Monday, May 25, 2009
Loners, Losers and Canadian Multiculturalism
Speaking via ForaTv, former US President Bill Clinton explains how the adoption of the principle of majority rules in more and more countries around the world has a potential dark side -- the oppression of those who may not readily be considered part of that majority.
Clinton describes them bascially as "losers" and "loners", and says that the litmus test for any true democracy is whether or not a citizen has enough individual rights that they can potentially lose -- politically, economically, socially, culturally or otherwise -- and still be safe from oppression.
At its basest level, there does seem to be a key dilemma between majority rule and respect for the rights of minorities. As we see in many countries less enlightened than our own, in systems wherein majority rule is considered absolute minorities tend to not have many rights.
Multicultural societies should likely be considered less prone to this kind of absolutism. As Satya Das notes, because of the broad cultural variety of Canadian society Canadians have had to set aside our differences and respect the rights of groups that, if judged by a standard of ethnic -- as opposed to civil -- nationalism would themselves be minorities.
If Canadians continued to discriminate against groups such as Icelandic, Ukrainian or Irish Canadians there would be no shortage of people for those prone to such behaviour to discriminate against. What there would end up being a shortage of is Canadians among the so-called "majority".
This is one of the best reasons for Canadians who may not yet have come around to the idea of multiculturalism to acclimate themselves to it. Within the next thirty years caucasian Canadians will be a numeric minority in Canada. Those accustomed to enjoying a privileged position within Canada on account of being part of this so-called majority will find themselves in a rather uncomfortable position at that point.
But one also has to remember that there can also be a dark side to the group rights promoted by multiculturalism as well. As Benjamin Barber points out group rights -- particularly within minority groups -- can lead to a communitarian ethos in which minority groups demand absolute solidarity from its members, to the extent that members are forced to surrender individual rights in order to remain part of their community what eventually emerges is not a society that is more democratic, but in fact less.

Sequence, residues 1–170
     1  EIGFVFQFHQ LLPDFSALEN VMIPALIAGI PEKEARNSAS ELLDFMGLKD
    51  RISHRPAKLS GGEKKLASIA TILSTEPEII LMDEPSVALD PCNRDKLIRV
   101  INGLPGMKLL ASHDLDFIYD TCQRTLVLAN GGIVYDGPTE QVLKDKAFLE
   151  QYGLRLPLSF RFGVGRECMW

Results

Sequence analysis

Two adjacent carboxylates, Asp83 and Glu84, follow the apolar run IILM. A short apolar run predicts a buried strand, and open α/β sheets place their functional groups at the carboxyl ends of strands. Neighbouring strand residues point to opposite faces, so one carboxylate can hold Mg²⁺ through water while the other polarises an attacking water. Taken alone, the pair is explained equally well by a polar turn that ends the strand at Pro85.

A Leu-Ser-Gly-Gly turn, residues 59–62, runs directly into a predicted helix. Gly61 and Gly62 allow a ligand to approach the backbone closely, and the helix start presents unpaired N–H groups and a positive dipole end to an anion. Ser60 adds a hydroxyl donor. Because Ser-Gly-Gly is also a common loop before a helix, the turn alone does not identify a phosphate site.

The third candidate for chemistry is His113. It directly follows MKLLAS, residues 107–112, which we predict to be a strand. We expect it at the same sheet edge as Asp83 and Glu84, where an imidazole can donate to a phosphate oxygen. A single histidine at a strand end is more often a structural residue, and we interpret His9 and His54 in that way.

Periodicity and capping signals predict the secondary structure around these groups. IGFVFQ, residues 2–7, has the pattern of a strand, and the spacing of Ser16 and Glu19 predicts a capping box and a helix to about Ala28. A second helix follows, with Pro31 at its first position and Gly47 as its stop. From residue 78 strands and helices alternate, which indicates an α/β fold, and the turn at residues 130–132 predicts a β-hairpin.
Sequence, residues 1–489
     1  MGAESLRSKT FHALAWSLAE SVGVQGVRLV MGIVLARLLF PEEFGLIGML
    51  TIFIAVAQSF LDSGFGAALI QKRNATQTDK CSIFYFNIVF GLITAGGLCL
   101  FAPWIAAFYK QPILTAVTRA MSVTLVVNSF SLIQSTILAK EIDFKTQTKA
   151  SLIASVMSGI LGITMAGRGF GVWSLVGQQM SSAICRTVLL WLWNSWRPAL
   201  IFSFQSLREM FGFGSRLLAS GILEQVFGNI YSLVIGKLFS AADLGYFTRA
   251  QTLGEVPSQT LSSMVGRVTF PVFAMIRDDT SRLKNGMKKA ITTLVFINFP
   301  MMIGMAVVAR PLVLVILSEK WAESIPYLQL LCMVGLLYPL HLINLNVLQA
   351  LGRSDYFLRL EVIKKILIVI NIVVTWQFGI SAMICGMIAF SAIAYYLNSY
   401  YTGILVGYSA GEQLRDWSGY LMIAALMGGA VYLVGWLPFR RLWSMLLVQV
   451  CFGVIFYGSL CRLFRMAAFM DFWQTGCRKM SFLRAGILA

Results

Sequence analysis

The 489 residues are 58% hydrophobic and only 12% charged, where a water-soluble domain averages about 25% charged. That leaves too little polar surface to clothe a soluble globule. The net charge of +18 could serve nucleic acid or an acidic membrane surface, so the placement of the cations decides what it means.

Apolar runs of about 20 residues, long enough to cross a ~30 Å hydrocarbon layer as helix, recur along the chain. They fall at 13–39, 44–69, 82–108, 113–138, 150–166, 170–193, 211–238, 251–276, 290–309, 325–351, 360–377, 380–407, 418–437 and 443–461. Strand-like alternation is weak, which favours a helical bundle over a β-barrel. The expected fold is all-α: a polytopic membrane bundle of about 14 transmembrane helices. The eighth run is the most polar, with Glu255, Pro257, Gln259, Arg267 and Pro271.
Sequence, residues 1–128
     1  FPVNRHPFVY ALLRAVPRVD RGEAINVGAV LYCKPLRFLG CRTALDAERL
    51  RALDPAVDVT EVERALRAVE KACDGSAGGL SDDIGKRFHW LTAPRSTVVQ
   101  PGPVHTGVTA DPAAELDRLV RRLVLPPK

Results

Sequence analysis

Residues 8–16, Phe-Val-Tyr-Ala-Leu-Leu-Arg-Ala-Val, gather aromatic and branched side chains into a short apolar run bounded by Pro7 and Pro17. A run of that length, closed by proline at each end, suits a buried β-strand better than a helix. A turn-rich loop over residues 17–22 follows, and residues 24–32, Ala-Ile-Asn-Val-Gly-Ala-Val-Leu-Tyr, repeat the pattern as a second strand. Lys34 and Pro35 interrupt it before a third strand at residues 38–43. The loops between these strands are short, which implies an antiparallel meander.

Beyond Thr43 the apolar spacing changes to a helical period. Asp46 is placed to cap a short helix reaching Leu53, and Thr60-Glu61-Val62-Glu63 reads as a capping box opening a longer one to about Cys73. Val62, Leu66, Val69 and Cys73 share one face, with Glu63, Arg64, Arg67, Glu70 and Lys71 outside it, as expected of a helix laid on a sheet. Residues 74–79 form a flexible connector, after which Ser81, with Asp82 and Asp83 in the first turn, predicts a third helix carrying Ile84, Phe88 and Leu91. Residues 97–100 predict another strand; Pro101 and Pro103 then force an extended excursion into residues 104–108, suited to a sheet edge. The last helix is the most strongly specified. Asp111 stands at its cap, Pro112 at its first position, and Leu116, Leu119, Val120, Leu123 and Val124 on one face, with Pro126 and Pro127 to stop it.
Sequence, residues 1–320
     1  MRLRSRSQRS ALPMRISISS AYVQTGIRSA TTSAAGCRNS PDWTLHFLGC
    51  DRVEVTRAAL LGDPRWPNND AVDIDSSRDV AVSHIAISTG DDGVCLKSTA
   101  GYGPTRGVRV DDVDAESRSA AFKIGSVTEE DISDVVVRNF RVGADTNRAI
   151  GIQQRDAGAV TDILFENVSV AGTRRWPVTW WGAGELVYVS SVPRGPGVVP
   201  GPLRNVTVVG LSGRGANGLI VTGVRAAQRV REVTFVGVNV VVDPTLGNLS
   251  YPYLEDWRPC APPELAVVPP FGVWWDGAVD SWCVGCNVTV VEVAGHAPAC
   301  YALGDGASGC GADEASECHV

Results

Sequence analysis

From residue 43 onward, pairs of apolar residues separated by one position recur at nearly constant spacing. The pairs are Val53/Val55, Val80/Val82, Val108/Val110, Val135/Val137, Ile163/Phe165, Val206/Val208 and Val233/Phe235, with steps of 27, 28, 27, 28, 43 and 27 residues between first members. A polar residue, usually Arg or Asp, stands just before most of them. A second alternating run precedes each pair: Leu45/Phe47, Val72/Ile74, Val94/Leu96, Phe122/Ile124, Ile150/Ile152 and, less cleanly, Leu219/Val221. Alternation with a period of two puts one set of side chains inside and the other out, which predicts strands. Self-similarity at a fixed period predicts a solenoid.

Mixing the notions of majority rule with an overwhelmingly communitarian ethos leads to situations were people are not free, to the extent to which they are very literally enslaved by their communities.
Canada has, for the most part, passed the test of protecting minorities from the tyranny of the majority. Whether Canada has succeeded in protecting the majority from what Preston Manning termed "the tyranny of the minority" is another matter entirely.
Some would argue that legalizing same-sex marriage over what they deemed to be the opposition of the majority -- which was actually the agreement of a minority coupled with the comparable indifference of the majority of Canadians -- empowered same-sex couples at the expense of the majority of Canadians. Many Canadians -- including this author -- would disagree with them, but this case is nonetheless argued.
The case that individuals are subjected to the tyranny of community is much stronger. Consider the case of aboriginal women denied rights granted by the Charter of Rights and Freedoms -- and, through it, Canada's Constitution -- because political elites within the aboriginal community oppose it.
These are merely two examples in which Canadian democracy has either failed, or is argued to fail, to amply balance the rights of majorities and minorities, and communities and individuals.
Although Canada has performed this balancing act better than many other countries, it's certainly been far from perfect, and there are many improvements that could be made.